It's hard to describe last week. It feels like a month since last Monday. I was driving to Spruce Grove to visit my parents with the boys when the call came. "They're letting us in tomorrow." After 11 days of waiting, they were finally letting us go home.
When I arrived at our place on Monday evening it was surreal. At first glance the town looked fairly normal, but on closer inspection there was an almost eerie quality to the abandoned town. Businesses were dark, shop windows broken from the powerful flood, and a thick layer of mud was on every surface touched by the murky waters. Ready to greet me as I stepped out of my air conditioned vehicle was the smell of rot--musty, stinking, moldy homes and garbage. As the week went on, more residents were let back in and the sights and smells accumulated. Mounts of mud soaked belongings strewn across every lawn. There was a slight sense of embarrassment among the residents to have their personal belongings so exposed to the picture-taking tourists driving by. There was uncertainty in the air--everyone a little shaky and not sure where to begin or what to do next. And yet, everyone happy to be doing something because the waiting, without knowing, was excruciating.
At this point, Clint and I were blessed beyond measure by our church family and our own families. Crews organized by our good friend, Frank Evans, worked around the clock to serve us. The amount of blood, sweat and tears shed this week was enormous, but overshadowing it all was the love of God poured out through some amazing people.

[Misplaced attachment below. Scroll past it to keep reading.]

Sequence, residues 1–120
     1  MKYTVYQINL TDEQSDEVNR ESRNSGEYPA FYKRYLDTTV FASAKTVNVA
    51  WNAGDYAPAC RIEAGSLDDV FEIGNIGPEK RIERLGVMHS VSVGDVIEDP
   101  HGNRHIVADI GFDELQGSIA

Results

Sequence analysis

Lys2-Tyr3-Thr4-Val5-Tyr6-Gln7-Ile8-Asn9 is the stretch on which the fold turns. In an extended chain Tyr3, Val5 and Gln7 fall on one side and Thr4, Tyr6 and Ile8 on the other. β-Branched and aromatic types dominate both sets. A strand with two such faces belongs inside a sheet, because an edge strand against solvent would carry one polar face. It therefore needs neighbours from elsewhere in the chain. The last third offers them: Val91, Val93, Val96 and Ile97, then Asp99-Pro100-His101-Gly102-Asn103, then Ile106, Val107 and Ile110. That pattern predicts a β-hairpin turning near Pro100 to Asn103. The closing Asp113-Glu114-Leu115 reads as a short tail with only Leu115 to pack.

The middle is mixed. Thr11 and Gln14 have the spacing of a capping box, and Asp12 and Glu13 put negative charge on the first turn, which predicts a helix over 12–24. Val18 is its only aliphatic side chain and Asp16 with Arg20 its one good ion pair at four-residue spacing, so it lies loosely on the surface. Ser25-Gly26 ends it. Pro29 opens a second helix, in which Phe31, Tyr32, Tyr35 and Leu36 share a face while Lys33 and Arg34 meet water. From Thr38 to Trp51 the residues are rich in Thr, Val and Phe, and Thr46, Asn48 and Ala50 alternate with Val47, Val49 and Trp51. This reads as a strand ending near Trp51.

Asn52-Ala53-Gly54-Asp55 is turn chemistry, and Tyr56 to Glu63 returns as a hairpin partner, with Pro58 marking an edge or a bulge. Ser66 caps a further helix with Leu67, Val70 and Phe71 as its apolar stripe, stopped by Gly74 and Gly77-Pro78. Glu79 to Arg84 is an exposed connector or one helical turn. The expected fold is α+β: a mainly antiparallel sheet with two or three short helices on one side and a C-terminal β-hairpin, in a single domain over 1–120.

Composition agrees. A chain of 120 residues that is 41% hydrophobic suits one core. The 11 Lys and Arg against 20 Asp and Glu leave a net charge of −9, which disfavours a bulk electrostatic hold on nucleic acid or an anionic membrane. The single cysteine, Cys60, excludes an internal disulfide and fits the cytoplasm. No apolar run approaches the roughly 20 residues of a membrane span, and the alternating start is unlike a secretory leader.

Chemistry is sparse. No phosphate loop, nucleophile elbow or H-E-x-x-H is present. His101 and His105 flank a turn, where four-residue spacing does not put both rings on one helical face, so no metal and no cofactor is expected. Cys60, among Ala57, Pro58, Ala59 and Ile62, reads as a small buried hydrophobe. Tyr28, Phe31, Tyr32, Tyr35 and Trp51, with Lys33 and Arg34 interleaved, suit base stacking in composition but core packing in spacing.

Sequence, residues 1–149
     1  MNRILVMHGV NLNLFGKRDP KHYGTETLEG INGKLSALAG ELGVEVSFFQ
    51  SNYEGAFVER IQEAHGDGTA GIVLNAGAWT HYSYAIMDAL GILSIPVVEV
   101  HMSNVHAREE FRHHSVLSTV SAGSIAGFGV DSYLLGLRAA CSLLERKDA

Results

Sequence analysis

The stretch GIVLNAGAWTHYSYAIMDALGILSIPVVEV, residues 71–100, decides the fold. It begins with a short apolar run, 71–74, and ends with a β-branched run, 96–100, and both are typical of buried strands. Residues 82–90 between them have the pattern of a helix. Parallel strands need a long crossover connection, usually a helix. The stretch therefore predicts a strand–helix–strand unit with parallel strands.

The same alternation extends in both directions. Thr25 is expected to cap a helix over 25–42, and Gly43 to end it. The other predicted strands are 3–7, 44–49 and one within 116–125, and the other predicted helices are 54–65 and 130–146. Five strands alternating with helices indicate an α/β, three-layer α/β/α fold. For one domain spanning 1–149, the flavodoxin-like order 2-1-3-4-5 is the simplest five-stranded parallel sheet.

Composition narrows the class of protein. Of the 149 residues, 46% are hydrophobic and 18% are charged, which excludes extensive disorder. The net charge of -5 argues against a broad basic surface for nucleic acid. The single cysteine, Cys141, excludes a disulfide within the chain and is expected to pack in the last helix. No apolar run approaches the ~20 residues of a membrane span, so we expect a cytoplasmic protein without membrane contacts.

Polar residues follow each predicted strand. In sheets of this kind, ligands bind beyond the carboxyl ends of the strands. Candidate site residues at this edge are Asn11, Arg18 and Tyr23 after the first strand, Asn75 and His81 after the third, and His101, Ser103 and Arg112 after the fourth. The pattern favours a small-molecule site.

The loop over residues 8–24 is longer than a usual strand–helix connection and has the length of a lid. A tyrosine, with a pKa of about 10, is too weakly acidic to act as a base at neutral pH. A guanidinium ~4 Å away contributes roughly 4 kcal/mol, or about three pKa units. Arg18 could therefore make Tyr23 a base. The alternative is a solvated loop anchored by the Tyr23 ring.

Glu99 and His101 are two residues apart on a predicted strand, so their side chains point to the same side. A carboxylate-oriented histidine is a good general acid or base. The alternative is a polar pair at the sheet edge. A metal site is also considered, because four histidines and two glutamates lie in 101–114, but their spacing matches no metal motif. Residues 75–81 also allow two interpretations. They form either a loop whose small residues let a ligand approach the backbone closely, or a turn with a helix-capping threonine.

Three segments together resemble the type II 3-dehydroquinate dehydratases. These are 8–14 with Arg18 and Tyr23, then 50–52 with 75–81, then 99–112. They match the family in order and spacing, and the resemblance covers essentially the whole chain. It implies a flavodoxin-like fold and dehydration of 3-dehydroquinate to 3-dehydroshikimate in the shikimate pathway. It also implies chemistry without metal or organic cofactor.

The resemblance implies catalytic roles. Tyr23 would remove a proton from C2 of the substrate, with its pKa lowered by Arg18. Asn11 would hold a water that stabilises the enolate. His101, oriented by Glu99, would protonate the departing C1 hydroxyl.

This week wasn't without it's share of humorous moments. To mention a few, there was the time when I returned home from the laundromat to discover that one of the men working for us was directing traffic with a pitchfork in his hand. Another time, although I didn't witness this one, Hunter's rubber snake poked it's head out of the murky waters and I hear it made a few grown men jump.
One of the more poignant moments was when Clint loaded hundreds of his muddy library books into the loader to be dumped and noted various books that people had given him that had meant something to him. For me, I had twinges of regret seeing parts of our life battered and muddy--things that were familiar, things that were ours. But for the most part, we felt fairly free to throw away our stuff. At times it even felt cathartic.
So it has been a week of incredible labour, of gutting and cleaning our basement, yard and garages. A week of discovery and paper work and documenting. A week of cleaning pictures and laundry, of sorting and throwing things away. A week of cooking for work crews and replenishing respirators and rubber gloves. Many who couldn't work prayed for us and for this we are incredibly thankful as well. And above all it has been a week of love. God's love poured out on us through his people. And once again we feel blessed beyond what we thought or hoped for.
There is still a long road ahead, but we trust in a Sovereign God who cares intimately for us. And this, above all, gives us hope.